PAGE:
I’ve been a tenant of Saffron Housing for almost ten years now, and joined the board in 2018.
I've been on boards for other organizations but mainly in disability rights in in the third sector, because that’s my day job: disability consultant. But it's important because there aren't that many opportunities for accessible housing in the UK: without my tenancy at Saffron my life would be much more restricted, so for me there's also an element of giving back. I also wanted to understand more about what’s going on in the sector and if I can learn something. I feel like I’ve added something.
The areas that I personally found most challenging are finance and development; learning about those in a housing context. Obviously I have insight into the customer experience – that wasn't new to me. But those two areas ended up not being as scary as I assumed they might be. My board colleagues are able to share advice and knowledge, so anytime I felt like I didn't know enough, I've always got somebody that I can call upon and ask to explain it in a really basic way. And then in areas that I’m stronger in, disability access and inclusion, I can provide insight for others.
I’m proud of the progression I’ve seen at Saffron from when I joined. Through a period of change and challenge we’ve grown into an organization that puts the community at the heart of what it does. All our work is informed by what our community is telling us, like the elements of the Inspiring Saffron project that’s launched this year.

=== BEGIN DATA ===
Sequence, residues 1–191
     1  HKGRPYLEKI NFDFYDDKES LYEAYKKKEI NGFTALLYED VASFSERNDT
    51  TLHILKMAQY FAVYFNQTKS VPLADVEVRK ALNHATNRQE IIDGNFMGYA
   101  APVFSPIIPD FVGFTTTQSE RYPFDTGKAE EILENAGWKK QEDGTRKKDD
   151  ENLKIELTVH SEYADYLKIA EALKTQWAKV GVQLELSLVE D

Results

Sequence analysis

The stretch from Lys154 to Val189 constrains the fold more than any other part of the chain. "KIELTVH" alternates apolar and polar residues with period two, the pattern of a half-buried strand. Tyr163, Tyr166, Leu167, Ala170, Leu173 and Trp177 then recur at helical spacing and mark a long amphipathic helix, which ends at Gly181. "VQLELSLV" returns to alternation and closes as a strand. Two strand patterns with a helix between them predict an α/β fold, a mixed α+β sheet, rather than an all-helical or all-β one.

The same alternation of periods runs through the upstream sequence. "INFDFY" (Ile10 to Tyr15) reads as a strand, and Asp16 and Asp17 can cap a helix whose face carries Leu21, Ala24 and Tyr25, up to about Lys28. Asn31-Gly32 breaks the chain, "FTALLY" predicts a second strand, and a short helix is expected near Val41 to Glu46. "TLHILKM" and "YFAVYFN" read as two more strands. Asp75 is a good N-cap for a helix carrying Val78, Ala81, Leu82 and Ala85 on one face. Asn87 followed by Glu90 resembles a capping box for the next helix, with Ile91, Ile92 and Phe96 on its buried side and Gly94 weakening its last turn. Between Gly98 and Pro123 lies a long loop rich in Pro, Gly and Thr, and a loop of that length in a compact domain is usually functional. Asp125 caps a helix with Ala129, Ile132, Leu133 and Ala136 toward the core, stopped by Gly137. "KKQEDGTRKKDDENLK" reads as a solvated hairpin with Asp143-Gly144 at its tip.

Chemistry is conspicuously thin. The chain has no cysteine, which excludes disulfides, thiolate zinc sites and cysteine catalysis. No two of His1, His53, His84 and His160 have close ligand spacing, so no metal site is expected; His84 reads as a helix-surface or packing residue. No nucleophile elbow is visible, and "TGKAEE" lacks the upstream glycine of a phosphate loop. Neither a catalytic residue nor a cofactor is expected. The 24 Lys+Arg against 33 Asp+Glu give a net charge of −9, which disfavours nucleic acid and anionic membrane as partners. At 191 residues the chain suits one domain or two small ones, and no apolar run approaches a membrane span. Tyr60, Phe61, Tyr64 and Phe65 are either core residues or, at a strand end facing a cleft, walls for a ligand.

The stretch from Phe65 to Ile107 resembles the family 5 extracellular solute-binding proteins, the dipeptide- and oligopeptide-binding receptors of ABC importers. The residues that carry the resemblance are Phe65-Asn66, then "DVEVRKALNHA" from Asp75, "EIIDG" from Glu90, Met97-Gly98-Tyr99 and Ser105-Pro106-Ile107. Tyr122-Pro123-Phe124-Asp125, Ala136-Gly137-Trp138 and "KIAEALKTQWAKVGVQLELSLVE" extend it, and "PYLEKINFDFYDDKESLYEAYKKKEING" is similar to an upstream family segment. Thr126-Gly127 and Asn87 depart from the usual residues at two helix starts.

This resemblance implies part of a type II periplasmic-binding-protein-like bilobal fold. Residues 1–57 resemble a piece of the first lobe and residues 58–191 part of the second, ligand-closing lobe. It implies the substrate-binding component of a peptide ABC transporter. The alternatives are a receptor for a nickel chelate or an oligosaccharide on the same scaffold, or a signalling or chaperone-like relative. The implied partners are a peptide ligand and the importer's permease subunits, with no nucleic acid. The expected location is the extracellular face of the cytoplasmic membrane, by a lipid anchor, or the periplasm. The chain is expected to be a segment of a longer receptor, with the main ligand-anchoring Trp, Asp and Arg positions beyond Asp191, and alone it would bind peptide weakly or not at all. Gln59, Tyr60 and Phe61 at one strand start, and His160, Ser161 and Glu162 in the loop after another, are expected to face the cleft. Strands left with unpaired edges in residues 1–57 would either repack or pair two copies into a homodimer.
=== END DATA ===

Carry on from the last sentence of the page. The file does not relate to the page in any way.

It's not just about the bricks and mortar, how many units can we build; it’s about how we can support people to live the best life they can. A home is a crucial part of that. We're working together with tenants to get to shared goals. To provide houses that are homes, that people are proud to live in and within communities that they're active members of.
Outside my work on the board, I’m keenly competitive. I played wheelchair basketball and was heavily into disability sport for many years, I’m always up for a charity match. I’m also a Human Book as part of the Human Library, a voluntary project to help tackle stigma where I answer questions about life as a wheelchair user and as a dyslexic.
We’re spinning so many plates at the moment, working in housing, so I would like to ask the next board member, what’s the one thing that keeps you up at night and what can we do to address that?